Rudolph Hell, who was born in Eggmuhl, Germany, on this date in 1901, invented the Photoelectric Image Scanning Tube (TV camera tube), the Klischograph half-tone photo-engraver (which revolutionized printed press technology), the first practical fax machine, a color scanner, and a computerized type-setter. Plus more!
Hell has several nicknames: he has been called the Edison of the Graphics Industry, the Father of Digital Word Processing, and Engineer of the Century.
His Hellschreiber is still used by amateur radio (Ham) operators around the world.
Fax = Facsimile
A fax machine takes all the information from one piece of paper—text, photos, drawings—and sends it digitally over a phone line to be printed (by another fax machine) on another piece of paper. Perhaps one half a world away!
The word fax comes from shortening “facsimile machine,” which is what we used to call the thing a million years ago when it was first invented. Once the name was shortened, it became insanely popular.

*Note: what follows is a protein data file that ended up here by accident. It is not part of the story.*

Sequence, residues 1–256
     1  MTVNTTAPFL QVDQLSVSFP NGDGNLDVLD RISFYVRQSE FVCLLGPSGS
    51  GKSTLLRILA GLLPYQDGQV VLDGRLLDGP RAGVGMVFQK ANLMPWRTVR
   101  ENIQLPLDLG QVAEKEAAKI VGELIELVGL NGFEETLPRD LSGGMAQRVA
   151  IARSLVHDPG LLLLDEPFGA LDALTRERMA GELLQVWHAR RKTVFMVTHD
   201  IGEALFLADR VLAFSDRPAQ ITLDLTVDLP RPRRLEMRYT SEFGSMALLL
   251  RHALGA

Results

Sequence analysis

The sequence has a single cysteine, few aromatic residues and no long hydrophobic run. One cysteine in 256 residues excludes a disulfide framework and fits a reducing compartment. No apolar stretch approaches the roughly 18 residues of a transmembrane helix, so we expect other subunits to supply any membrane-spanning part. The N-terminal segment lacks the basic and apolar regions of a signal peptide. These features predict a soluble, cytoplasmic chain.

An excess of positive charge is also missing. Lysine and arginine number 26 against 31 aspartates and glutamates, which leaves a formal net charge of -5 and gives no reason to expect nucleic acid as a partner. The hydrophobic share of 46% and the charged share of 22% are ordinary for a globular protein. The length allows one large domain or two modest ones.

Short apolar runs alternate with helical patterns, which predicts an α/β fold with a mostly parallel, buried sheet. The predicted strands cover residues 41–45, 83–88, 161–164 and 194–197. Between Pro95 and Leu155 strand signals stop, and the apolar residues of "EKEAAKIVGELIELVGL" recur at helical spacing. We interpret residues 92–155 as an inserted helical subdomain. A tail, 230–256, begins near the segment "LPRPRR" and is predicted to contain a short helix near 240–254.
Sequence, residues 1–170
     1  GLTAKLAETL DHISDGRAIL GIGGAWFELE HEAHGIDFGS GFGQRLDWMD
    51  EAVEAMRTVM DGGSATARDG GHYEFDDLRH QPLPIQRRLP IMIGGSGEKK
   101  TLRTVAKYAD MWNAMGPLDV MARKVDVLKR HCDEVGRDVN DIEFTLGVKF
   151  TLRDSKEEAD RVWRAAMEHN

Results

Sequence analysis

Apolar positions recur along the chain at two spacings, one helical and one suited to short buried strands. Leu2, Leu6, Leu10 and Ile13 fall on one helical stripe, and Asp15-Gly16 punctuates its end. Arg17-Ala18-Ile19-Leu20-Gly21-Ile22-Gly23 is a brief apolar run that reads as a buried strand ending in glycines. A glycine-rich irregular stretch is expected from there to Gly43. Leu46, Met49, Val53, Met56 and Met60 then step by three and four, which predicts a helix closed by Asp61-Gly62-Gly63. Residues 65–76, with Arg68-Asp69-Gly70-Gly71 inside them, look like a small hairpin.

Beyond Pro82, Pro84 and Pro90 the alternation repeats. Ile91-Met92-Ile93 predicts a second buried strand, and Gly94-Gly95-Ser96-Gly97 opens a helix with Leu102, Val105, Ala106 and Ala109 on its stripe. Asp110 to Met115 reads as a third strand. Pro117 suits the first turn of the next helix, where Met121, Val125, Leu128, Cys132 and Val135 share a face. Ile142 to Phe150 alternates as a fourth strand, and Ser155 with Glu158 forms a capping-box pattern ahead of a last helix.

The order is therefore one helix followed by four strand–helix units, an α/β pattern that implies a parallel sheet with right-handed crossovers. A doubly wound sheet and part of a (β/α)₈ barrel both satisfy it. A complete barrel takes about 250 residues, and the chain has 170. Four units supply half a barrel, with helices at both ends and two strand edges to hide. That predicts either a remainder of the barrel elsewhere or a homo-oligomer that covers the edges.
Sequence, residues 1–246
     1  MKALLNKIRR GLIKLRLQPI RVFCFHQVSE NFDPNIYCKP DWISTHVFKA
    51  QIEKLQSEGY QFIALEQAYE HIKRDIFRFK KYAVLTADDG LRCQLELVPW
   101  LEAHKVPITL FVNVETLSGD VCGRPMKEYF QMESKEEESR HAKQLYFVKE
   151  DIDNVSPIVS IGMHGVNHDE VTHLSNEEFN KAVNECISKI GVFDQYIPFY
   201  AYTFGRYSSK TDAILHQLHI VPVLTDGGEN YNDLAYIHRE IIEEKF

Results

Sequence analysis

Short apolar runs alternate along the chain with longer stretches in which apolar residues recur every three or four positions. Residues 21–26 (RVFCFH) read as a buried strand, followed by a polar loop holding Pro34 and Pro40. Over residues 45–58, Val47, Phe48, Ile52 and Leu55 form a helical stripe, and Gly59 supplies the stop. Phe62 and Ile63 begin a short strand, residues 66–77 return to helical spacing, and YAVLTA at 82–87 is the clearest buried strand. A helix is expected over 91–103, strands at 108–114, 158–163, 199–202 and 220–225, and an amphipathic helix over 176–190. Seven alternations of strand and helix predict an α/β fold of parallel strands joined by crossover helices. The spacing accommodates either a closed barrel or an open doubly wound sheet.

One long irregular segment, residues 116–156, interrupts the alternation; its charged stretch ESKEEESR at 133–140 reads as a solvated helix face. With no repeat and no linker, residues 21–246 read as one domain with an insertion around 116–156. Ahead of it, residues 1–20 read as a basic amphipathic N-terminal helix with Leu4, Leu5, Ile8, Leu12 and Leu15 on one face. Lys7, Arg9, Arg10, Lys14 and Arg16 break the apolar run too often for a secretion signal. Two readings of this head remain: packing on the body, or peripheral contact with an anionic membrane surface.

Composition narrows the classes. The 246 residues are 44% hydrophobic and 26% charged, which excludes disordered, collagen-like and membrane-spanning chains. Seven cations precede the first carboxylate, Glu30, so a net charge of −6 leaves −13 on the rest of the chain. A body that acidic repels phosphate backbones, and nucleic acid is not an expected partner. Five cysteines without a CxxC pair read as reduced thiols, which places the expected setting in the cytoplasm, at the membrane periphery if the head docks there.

I don't know why we in America called the machine a “facsimile machine” in the first place—it isn't as if a French or Italian man invented the first practical version of the thing! But...maybe it's just as well. If we ran around calling the machines Hellschreibers and then shortened that name—well, it would seem very odd to ask, “Do you have a Hell machine?” or “Can I have your Hell number? I'll Hell you the contract immediately.”
Even in German, the machines are called der Fax, and the process of using such a machine is termed faxen. Many more recent words and words for newer technologies are the same around the world. For example, the word for fax IS fax, not just in German, but also in languages as varied as Hebrew, Spanish, and Japanese; it is the very simliar faks in Afrikaans and faksi in Swahili.
To learn how a fax machine works, check out eHow.
Also on this date:
By the way, if you want to read the opinion of Samuel Clemens (better known as Mark Twain) on the language of today's birthday boy, check out “The Awful German Language.”